Here’s a rice dish that is anything than boring!. It’s a non-traditional version of an Indonesian fried rice also called Nasi Goreng (Nasi = Rice, Goreng = Fried). Yes, I made this vegetable fried rice my way, so there is definitely some Elle Factor here.
Nasi goreng is typically flavored with a sweet soy sauce called “kecap manis”, shallots, garlic, tamarind and hot chilies, and is served with either shredded egg “crepe” or a fried egg, chicken and shrimp. My version is not exactly traditional. It’s actually inspired from a old friend of Indonesian decent who taught me way back in high school how to make a quick and easy “fast food” version of Nasi Goreng without all the fancy ingredients. My version of course takes it to the next level, plus keeps things vegetarian. Instead of using “kecap manis”, I add a little soy sauce and natural mascobado raw cane sugar, to create a teriyaki like flavor, and then add spices like curry and turmeric, plus some garlic and ginger and a little umami factor with tomato paste.
The key here to taking it to the next level is the sambal oelek chili paste. I add this at the end as an individual choice. I like spicy, some like it less so. So I’ll let you decide. Or go ahead and add 1 teaspoon to the dish while cooking and let everyone add a little more if they like. A squeeze of lime is always a welcome addition but not necessary. And as for veggies, pick your favorites. Carrots work well, as do peppers. I like broccoli and cabbage. Either red or Chinese. Plus peas. :) As for topping it with an egg, sure go ahead if you like. The base is the stir-fried rice, everything else is flexible.
300 g whole grain basmati rice (cooked ahead of time and cooled completely)
2 tablespoons extra-virgin olive oil
3 shallots, chopped
2-3 large garlic cloves, minced
1 tablespoon freshly grated ginger
2 teaspoons curry powder (mild)
1⁄4 teaspoon turmeric powder
2 teaspoons tomato paste
3 tablespoons soy sauce
1 tablespoon soft brown sugar
1 fresh red chili, thinly sliced
1 head of broccoli, cut into small florets
1-2 handfuls frozen peas
1 handful shredded red cabbage tossed in before serving
or 2 handfuls shredded Chinese cabbage, which can be added along with the other vegetables
Sambal Oelek chili paste
fresh cilantro (optional)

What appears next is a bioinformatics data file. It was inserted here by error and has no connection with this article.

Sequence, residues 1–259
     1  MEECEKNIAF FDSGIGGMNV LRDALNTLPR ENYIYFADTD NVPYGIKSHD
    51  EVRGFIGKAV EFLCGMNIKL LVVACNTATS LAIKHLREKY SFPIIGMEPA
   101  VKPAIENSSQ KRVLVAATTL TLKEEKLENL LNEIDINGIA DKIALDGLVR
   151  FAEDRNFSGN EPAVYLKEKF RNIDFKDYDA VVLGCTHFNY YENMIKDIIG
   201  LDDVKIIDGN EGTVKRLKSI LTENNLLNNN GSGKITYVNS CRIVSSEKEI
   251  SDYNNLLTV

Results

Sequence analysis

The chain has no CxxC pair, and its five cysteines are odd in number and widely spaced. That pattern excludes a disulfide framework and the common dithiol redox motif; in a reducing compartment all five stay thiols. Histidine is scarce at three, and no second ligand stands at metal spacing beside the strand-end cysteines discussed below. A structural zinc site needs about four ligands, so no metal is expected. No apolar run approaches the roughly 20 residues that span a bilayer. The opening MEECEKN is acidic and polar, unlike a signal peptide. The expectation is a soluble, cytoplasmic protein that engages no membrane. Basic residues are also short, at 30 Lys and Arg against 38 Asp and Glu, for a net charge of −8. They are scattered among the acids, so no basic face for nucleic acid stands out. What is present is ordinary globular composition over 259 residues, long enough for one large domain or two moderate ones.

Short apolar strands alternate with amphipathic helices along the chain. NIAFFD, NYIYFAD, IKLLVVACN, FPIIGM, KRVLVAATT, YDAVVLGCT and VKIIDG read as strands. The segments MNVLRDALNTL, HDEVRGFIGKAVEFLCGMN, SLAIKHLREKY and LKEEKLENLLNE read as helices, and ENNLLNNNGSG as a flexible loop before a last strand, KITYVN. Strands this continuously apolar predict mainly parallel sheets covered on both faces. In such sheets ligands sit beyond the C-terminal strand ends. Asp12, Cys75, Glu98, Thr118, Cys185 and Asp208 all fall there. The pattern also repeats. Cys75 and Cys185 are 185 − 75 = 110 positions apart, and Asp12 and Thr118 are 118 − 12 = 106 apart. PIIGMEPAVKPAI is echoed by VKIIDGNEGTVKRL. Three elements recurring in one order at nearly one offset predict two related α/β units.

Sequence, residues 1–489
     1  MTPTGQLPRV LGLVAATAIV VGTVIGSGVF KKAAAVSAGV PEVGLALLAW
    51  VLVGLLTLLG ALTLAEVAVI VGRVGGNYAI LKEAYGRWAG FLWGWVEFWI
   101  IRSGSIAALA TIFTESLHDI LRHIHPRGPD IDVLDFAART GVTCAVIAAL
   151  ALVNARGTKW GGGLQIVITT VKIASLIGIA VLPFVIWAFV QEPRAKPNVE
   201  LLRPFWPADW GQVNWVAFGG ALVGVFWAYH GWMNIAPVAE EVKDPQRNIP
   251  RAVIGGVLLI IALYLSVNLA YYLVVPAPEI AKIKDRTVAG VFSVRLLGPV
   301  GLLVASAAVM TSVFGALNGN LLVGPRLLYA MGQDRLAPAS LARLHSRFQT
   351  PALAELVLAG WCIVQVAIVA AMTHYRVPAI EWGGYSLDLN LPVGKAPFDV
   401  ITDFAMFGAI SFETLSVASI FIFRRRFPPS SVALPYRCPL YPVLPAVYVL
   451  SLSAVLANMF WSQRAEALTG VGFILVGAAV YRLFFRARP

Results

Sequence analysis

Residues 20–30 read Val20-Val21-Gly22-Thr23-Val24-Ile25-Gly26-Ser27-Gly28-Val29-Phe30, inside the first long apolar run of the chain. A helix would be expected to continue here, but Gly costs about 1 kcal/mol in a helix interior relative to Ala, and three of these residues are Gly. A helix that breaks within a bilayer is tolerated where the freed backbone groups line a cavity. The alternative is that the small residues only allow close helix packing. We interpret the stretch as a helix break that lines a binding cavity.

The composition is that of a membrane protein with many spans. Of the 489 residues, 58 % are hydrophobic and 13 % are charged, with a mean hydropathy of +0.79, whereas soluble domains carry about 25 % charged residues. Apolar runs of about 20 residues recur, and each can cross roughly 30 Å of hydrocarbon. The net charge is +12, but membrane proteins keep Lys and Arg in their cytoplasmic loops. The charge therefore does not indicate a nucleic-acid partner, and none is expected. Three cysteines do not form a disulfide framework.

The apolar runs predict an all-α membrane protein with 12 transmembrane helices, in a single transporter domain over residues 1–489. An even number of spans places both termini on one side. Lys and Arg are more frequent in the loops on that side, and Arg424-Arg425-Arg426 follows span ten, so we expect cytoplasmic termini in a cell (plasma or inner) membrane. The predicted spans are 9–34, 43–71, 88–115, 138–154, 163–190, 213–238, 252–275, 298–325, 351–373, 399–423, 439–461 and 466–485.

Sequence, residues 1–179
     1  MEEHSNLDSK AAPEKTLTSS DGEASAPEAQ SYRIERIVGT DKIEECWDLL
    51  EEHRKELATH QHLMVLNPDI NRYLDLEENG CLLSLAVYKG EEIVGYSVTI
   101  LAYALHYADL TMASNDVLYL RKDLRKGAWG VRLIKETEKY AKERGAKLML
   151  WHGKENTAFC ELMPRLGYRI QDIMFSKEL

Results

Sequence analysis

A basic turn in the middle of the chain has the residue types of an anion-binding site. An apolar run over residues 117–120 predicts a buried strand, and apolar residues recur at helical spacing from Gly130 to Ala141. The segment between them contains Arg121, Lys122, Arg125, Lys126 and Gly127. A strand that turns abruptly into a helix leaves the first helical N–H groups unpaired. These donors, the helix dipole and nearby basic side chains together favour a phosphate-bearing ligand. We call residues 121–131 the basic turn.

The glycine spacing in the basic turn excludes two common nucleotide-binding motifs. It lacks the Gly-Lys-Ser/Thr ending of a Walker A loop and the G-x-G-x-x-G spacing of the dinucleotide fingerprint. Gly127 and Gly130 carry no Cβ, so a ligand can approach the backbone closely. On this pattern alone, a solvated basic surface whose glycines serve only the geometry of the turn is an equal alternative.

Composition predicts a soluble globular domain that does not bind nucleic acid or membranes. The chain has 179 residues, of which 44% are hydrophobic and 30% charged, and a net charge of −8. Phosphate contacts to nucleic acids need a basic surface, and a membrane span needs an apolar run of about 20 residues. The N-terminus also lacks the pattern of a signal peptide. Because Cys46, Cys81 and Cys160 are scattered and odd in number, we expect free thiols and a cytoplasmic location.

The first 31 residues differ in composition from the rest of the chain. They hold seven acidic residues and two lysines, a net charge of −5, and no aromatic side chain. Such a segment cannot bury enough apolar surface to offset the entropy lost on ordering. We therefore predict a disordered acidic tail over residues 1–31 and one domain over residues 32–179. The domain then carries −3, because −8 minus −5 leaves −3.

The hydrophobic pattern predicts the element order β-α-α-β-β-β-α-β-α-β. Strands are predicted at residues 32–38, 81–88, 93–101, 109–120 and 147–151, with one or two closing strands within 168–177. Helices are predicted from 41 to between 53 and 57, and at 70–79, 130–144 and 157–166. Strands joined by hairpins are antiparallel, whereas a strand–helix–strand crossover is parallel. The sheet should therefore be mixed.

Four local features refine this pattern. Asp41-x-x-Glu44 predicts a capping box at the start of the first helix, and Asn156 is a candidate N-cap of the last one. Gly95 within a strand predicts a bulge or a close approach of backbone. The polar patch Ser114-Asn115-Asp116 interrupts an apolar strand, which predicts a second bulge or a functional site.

NOTE: For a good Nasi Goreng, it is best made with cold, dry rice, which is why leftover rice is perfect! I like to use brown basmati rice, as long grain rice is the best for fried rice (see tips below).
1. Heat the oil in a large deep skillet or wok over medium heat. Add the shallots, garlic and ginger and cook for 3-5 minutes, until shallots have softened.
2. Add the curry, turmeric and tomato paste. Cook for 1 minute, stirring, then add the pre-cooked rice. Cook, strirring well to incoporate the spices, for about 10 minutes, until lightly browned.
3. Add the soya sauce and brown sugar stir well to combine.
4. Add the fresh chili, broccoli and peas, cover and cook over medium heat for 5 or more minutes, until the vegetables reach the desired consistency. Mix in the shredded red cabbage, if using.
5. Spoon into bowls. Serve with Sambal Olek (chilli paste) plus a wedge of lime.
The rice should be cooked 2-3 hours before it is fried, so that it has time to become cold. Why? Well, cold rice won’t stick together when it hits the wok. Which I think makes it takes way better. If you don’t have pre-cooked rice then simply cook your rice and then spread it out onto a large plate or tray to allow it to cool completely before proceeding with the recipe.
Traditionally, the recipe is topped with fried egg or omelet. If you like, top it with a fried free-range organic egg. Or to keep it vegan while adding a little extra protein, top with cashews or add firm tofu to the recipe when frying the pre-cooked rice.
The use of Sambal Oelek is key to a flavorful vegetable fried rice. Instead of adding this directly to the rice dish, I let everyone add as much as they want once the dish is complete. This way you can enhance the flavor with just a little Sambal Oelek or a lot if you are a fan of spicy. I recommend adding just a little to start with and continue adding more until you reach the desired spice level.